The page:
Royal Dutch Shell Group .com Rotating Header Image

MarketWatch: U.S. probes BP over crude, gas dealings (Whether markets were manipulated at heart of latest inquiries)

Aug 29, 2006: LONDON (MarketWatch) — The U.S. government has begun criminal and civil investigations into whether BP Plc manipulated U.S. crude-oil and unleaded-gasoline markets, as the British petroleum giant’s chief executive is being forced to testify under oath about safety problems.

The world’s second-largest publicly traded oil company, BP has acknowledged the investigations and said it’s cooperating with U.S. authorities, The Wall Street Journal reported Tuesday. See Wall Street Journal story below.

The Wall Street Journal: BP Woes Deepen With New Probe

A London-based BP spokeswoman wouldn’t elaborate on the report but said she didn’t see any mistakes in the article.

“We always assist regulators in trying to find out the facts and figures on how our business works,” she said.

Disclosure of the investigations comes as BP has been summoned before the House Energy and Commerce Committee to explain the recently discovered pipeline leak at its Prudhoe Bay, Alaska, operation that has indefinitely taken some 200,000 barrels a day of crude output off the market.

It also comes while BP is trying to recover from negative publicity stemming from a March 23, 2005, explosion and fire at its giant Texas City, Tex., refinery that killed 15 workers, injured 180 more and resulted in a record U.S. fine of $21.3 million for safety violations.

The Financial Times separately reported Tuesday that BP CEO John Browne will have to testify, because he had “unique and superior knowledge.” BP told the newspaper it will appeal the decision made by a Texas state judge.

And BP already faces a civil complaint filed by federal commodities regulators for allegedly manipulating much of the U.S. market for propane.

BP’s shares have slipped 2% this year, compared to a nearly 6% rise for rival oil giant Royal Dutch Shell. BP’s London-listed shares declined 0.3% in midday trading.

Alleged manipulation

Now, the Journal reports, the Commodity Futures Trading Commission has sent subpoenas to BP and energy traders in the crude-oil probe, which is focused on possible manipulation of the global over-the-counter market in 2003 and 2004.

The over-the-counter market includes trades conducted over the phone or electronically in products not listed on exchanges, or in marketplaces that regulators can’t see.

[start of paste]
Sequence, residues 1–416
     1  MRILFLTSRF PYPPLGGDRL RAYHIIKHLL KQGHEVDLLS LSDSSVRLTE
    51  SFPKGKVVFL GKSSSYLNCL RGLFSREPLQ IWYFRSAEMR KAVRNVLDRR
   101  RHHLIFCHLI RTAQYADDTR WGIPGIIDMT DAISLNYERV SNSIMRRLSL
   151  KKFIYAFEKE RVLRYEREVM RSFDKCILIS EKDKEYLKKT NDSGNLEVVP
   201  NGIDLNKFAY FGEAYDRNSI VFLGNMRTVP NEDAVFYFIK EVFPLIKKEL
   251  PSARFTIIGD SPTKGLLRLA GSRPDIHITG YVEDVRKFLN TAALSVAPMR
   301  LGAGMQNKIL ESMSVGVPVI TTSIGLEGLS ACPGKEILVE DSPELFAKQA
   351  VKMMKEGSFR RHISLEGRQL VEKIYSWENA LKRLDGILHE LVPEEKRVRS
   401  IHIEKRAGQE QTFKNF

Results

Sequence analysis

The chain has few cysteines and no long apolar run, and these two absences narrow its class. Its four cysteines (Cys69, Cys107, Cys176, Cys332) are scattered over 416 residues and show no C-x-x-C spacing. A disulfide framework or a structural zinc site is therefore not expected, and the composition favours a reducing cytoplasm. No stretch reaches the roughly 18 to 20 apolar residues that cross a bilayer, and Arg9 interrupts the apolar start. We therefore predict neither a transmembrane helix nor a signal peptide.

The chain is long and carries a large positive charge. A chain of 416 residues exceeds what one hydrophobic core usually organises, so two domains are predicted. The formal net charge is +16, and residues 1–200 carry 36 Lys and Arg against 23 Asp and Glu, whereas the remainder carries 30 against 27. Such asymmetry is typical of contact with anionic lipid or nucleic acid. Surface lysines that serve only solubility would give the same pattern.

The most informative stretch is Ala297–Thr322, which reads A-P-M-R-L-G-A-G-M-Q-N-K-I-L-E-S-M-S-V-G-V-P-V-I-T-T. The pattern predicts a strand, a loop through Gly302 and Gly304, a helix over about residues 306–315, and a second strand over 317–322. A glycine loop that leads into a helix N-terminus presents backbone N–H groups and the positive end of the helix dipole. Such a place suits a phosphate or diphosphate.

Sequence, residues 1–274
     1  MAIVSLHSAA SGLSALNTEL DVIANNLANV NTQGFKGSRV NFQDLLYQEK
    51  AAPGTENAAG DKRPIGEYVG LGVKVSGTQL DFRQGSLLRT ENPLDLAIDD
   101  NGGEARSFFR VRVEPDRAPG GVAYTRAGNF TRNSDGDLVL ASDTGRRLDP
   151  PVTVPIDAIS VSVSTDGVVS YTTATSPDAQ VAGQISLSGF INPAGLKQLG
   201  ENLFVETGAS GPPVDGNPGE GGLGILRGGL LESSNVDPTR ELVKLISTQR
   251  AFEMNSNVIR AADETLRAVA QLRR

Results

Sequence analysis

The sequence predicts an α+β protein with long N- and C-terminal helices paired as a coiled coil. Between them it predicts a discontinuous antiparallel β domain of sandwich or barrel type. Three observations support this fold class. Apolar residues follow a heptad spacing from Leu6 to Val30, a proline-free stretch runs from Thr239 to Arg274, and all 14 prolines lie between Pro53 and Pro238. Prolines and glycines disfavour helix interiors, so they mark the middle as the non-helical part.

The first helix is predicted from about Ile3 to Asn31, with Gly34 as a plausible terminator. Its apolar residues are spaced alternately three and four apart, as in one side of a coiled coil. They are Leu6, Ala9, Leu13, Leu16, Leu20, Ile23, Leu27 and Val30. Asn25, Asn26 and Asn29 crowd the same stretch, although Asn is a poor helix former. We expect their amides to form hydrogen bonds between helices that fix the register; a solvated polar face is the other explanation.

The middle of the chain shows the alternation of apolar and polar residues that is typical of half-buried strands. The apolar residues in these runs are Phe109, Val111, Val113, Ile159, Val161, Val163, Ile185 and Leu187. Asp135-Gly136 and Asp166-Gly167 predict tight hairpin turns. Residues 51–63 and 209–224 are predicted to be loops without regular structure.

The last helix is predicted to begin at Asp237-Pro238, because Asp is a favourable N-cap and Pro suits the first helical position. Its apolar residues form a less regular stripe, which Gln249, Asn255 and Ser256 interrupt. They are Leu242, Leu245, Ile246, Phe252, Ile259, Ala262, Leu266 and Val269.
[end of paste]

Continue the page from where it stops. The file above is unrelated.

The separate gasoline inquiry, which has been under way more than a year and includes a criminal probe by the Justice Department, is examining a single day’s trading on the New York Mercantile Exchange in 2002, the Journal said, citing lawyers and traders close to the case.

And people at other firms said many trading firms had received CFTC demands for information, suggesting that the scope of the investigation goes beyond BP, the Journal reported.

CFTC and Justice Department spokesmen declined to comment to the newspaper.

In the broader civil investigation into crude-oil trading, investigators are examining whether BP used information about its own pipelines and storage tanks at a key oil-delivery point in Cushing, Okla., to influence crude-oil price benchmarks that are set each day and influence billions of dollars of transactions, The Journal said.

That investigation isn’t related to the propane case, in which civil claims by the CFTC are pending against BP in federal court in Chicago, as well as a criminal charge against a former BP trader in U.S. District Court in Washington; numerous civil lawsuits seeking damages are also pending, the Journal said.

BP has denied wrongdoing in the propane case.

An earlier CFTC investigation into BP’s crude-oil trading was closed without charges, the Journal reported. and its sister non-profit websites,,,,,, and are owned by John Donovan. There is also a Wikipedia feature.

Comments are closed.

%d bloggers like this: